By Patrick Cockburn
Rebuilding will take place in a 360sq km enclave that is packed with 1.5 million Palestinians, of whom 70 per cent are from refugee families expelled from Israel during the creation of the state. More than a million are already receiving UN food supplies.
The initial assessment is that 20,000 homes lived in by 120,000 people have been somewhat damaged and can be patched up so they are habitable again. The 4000 homes that have been destroyed cannot be rebuilt because Israel is refusing to let construction materials cross the border into Gaza.
Israel, the US and their European allies are eager to prevent Hamas taking charge of reconstruction because this might add to its political standing among Palestinians. They recall that after the Israeli attack on Lebanon in 2006, many Lebanese at first blamed Hizbollah for provoking the assault.
But Hizbollah took charge of rebuilding and Iran reportedly gave US$14,000 to every family which had lost its home, money that was channelled to recipients through Hizbollah.
The major potential donors for Gaza will try to get aid distributed through the Palestinian Authority of President Mahmoud Abbas. But he is, if anything, more discredited in the eyes of Palestinians and the Arab world than he was before war in Gaza. Hamas, which won the heavily-monitored Palestinian election of 2006, will not want to dilute its power but there will be international pressure on Palestinians to form a government that is acceptable to donors.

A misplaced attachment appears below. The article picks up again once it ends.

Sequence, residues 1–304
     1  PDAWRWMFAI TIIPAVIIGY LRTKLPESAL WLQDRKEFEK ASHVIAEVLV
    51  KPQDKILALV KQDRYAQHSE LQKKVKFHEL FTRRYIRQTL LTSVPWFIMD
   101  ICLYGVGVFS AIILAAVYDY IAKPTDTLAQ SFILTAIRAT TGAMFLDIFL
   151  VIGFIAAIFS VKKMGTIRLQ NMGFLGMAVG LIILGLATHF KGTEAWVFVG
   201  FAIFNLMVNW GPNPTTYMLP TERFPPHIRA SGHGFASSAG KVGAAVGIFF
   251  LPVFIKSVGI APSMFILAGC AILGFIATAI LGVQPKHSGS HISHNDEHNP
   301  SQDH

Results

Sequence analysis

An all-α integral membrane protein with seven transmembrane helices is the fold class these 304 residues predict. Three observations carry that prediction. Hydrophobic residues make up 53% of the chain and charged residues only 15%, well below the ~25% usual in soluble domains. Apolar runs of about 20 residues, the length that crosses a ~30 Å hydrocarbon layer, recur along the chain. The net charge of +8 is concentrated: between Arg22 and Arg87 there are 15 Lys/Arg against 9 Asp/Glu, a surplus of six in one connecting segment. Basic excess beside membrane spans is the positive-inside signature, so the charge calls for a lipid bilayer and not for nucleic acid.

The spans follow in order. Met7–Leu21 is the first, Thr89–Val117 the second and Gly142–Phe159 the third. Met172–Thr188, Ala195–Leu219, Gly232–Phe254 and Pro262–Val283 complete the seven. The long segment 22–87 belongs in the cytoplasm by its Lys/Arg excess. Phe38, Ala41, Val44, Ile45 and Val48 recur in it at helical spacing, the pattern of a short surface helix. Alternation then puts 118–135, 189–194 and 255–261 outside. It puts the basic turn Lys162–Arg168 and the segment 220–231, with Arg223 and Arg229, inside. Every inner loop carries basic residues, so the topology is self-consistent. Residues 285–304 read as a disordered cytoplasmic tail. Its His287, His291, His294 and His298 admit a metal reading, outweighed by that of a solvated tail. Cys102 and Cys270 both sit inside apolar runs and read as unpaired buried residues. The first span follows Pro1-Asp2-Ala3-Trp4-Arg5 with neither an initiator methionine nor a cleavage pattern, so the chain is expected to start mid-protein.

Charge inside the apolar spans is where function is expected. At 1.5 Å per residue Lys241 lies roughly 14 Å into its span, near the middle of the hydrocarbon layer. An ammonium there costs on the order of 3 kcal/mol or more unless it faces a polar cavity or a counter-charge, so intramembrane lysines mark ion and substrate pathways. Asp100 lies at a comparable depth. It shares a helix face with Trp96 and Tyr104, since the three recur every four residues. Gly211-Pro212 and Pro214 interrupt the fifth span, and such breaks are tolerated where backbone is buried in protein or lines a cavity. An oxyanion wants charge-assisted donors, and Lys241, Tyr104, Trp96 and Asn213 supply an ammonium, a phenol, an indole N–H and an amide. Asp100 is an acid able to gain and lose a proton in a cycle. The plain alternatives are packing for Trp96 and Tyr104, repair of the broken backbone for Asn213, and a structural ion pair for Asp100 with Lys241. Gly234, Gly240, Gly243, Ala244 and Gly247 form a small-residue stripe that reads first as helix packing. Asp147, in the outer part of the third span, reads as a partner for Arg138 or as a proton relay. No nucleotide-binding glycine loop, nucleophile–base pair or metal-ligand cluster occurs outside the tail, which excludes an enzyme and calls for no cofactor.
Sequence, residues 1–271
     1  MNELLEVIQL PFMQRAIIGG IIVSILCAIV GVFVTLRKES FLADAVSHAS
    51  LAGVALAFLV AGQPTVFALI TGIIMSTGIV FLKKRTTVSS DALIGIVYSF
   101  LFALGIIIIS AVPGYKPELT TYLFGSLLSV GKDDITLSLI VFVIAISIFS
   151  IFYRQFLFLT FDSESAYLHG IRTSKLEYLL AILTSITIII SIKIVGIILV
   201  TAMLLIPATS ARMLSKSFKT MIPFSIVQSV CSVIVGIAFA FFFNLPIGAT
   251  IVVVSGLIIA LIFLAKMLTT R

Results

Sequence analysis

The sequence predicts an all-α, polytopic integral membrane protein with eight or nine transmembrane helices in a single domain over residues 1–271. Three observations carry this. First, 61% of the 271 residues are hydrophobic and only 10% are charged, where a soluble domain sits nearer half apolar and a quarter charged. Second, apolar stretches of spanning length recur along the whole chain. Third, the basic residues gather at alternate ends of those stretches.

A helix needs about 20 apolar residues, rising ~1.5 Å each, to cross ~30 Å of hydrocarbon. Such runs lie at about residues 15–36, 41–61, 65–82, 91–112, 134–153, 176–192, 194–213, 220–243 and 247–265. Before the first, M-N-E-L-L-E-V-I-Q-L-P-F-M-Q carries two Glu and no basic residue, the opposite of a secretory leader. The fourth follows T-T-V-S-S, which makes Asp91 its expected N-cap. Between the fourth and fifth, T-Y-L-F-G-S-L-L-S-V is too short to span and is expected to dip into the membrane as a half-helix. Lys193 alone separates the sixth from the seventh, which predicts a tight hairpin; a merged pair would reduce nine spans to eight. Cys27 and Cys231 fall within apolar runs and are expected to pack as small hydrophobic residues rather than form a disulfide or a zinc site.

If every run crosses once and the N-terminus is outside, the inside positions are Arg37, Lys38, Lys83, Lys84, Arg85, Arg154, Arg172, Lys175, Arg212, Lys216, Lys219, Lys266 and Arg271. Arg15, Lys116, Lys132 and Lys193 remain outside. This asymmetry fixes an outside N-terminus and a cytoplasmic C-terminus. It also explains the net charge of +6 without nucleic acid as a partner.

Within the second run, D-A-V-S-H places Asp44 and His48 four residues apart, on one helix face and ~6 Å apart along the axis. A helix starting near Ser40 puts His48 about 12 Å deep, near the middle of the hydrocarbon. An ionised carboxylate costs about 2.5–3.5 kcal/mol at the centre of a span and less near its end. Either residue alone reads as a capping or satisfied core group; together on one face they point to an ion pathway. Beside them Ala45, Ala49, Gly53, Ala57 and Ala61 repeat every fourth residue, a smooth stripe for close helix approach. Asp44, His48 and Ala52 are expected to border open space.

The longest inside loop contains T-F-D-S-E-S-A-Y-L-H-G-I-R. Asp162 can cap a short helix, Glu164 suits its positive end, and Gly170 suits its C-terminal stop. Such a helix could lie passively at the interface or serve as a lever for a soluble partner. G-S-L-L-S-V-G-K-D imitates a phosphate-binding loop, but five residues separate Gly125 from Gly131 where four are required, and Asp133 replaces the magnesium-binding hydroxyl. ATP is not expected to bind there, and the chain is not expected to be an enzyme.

If Gaza is to be restored even to the miserable condition it was in before December 27, then the economic siege has to be lifted. But Israeli leaders like the Foreign Minister, Tzipi Livni, and the Defence Minister, Ehud Barak, have claimed success in the war.
If the blockade is raised, then Hamas will say it won, and the election of Benjamin Netanyahu as the next Prime Minister of Israel on February 10 will become more certain.
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